accusation?? The easiest answer is that if Hamlet had done so, the play would
have ended in Act I. And then "Hamlet, Prince of Denmark" would be a
"Shakespearean Tragedy," *A. C. Bradley describes "Hamlet"
then asks the question, "But why in the world did not Hamlet obey the ghost
at once, and so save seven of those eight lives?" The answer to this
question lies not in the fact that had Hamlet done so the play would have ended
it that delays Hamlet from acting on his father’s ghost’s command? Let’s look at
some typical views. Is it the fact that at that moment Claudius is surrounded by
courtiers and his Swiss guard? No, for throughout the play Hamlet never refers
Act IV, scene 4 that he has "…cause and will and strength and means To
organizes the play within the play not to persuade others of Claudius’s guilt,
but to convince himself: "if ‘a do blench, I know my course." (Act II,
scene 2). Throughout the play, Hamlet never talks of public justice. He talks
2) Hamlet’s mission and his purpose is to kill his uncle, not to bring him to
the bar of justice. Would slaying Claudius trouble Hamlet’s conscience? Not at
acting quickly: "O what a rogue and peasant slave am I!" (Act 2, scene
2) and "How all occasions do inform against me," (Act 4, scene 4).
whips out his sword and thrusts, unhesitatingly through the curtain. He sends
Rosencrantz and Guildenstern to their deaths without a second thought. When his
ship is attacked by pirates, Hamlet is the first to board the pirate ship. He
fights with Laertes in Ophelia’s grave, duels with Laertes, and, dying himself,
runs the king through completing his mission. Does Hamlet simply substitute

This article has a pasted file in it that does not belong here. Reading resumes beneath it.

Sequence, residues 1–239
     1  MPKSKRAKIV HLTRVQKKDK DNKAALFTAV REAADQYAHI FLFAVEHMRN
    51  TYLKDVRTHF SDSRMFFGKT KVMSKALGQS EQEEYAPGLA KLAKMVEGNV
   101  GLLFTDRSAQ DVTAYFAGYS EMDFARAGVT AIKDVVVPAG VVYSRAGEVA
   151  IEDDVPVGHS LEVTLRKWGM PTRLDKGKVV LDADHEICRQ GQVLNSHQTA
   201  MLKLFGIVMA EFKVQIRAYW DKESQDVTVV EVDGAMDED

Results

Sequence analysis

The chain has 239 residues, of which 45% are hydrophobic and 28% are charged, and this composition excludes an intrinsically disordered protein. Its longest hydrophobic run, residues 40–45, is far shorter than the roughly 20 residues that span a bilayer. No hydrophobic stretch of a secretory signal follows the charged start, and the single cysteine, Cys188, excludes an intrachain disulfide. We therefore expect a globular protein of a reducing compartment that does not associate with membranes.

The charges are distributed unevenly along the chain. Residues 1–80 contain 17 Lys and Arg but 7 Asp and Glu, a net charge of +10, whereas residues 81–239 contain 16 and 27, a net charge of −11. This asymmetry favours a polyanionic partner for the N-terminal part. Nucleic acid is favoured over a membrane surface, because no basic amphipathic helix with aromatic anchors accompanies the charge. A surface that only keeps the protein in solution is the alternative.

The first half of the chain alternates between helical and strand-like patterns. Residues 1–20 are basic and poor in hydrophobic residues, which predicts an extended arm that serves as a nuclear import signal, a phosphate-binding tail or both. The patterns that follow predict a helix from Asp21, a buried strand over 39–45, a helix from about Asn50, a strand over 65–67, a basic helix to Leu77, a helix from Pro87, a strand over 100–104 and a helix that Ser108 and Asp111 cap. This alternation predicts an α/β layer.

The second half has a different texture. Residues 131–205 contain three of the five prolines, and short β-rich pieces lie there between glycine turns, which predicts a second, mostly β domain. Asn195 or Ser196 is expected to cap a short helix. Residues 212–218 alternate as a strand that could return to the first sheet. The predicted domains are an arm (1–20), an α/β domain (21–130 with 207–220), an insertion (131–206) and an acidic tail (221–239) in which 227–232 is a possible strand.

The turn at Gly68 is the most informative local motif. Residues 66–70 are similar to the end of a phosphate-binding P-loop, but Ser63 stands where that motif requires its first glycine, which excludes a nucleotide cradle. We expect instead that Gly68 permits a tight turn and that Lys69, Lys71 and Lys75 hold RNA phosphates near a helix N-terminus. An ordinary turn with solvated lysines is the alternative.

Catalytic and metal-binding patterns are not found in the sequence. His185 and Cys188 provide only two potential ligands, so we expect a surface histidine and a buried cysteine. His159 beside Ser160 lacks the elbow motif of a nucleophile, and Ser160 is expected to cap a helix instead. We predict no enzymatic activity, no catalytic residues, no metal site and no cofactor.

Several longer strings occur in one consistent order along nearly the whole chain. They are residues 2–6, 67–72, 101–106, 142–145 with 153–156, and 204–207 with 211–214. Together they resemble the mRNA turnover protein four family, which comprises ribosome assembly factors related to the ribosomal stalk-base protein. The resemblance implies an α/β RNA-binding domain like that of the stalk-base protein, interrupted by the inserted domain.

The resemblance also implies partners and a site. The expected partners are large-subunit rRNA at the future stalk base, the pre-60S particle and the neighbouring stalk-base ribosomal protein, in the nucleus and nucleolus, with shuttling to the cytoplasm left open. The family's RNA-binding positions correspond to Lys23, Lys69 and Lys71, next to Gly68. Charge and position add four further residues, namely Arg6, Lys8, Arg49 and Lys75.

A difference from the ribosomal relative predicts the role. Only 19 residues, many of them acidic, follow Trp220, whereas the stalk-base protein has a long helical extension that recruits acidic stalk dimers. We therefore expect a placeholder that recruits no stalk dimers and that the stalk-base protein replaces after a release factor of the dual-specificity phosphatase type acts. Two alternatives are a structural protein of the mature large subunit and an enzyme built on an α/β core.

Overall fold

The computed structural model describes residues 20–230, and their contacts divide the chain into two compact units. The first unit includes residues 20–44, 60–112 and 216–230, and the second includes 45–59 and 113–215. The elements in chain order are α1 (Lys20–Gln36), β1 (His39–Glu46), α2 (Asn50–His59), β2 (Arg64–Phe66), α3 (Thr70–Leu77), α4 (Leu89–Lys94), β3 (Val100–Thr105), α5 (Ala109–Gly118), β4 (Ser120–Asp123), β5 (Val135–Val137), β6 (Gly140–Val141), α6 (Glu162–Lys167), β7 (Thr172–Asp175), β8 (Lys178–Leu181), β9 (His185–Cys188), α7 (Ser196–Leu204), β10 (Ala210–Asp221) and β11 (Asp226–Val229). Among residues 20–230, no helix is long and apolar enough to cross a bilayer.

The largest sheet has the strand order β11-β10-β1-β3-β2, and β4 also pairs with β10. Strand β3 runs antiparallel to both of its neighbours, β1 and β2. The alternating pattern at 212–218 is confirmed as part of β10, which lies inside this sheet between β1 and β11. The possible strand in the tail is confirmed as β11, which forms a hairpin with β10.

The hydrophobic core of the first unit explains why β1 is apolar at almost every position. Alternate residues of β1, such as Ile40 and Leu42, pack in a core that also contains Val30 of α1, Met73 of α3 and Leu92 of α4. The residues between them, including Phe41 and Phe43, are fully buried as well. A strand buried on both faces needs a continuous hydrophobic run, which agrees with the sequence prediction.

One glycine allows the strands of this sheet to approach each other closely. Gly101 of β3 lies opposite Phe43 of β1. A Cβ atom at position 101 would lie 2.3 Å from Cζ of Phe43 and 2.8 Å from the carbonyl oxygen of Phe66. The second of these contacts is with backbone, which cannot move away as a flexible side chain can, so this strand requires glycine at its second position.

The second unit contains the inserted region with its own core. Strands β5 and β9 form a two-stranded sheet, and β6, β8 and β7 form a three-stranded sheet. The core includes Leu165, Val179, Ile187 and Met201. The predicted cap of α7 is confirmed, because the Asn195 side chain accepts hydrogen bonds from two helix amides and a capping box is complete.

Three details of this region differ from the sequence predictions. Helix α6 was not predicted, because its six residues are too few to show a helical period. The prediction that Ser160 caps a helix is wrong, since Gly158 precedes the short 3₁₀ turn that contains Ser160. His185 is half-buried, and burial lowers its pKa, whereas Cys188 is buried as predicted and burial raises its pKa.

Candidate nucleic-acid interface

thought for action? As we have seen, Hamlet is a man of action. Why, then does
he not act promptly in executing his father’s ghost’s command? A.C. Bradley
offers this explanation: ?Hamlet has received a violent shock to his moral
excellent a king,? (Act I, scene 2) His mother has shown what to Hamlet is a
despicable nature-marrying almost immediately following Hamlet’s father’s death:
?O God, a beast that wants discourse of reason would have mourned longer.?
(Act I, scene 2) and has married a man Hamlet finds utterly hateful and
"Popped in between th’ election and my hopes," (Act V, scene 2).
mind and impregnates in Hamlet a despair of human nature. To Hamlet, life is
?. . .an unweeded garden That grows to seed, things rank and gross in nature
possess it merely.? (Act I, scene 2) Thus weakened, Hamlet is unable to act on
his father’s ghost’s command. So after all is said and done I wonder if we have
truly found the answer we were looking for or is it simply put as this: ?The
central question of the play is, a question without an answer if one is seeking
the answer within the play. Shakespeare was supposed to supply us with an
answer, or at least with a reason why there is no answer. He offers us neither.
Instead, this most famed of Shakespeare’s plays offers us a literary mystery
Eliot has called ?Hamlet? the "’Mona Lisa’ of literature." Like
the painting, the play smiles at us from a distance but refuses to be formulated
or simply understood; everything about it is problematic, not only the events of
them. And for those who persist in analyzing the plot of the drama, or Hamlet’s
psychology, or both in order to explain this particular mystery, I suggest
of the author encompass your soul and enjoy it for what it?s worth.
A. C. Bradley, "Shakespeare’s Tragic Period-Hamlet," Shakespearean
Tragedy, MacMillan and Company Limited, 1904, pp. 70-101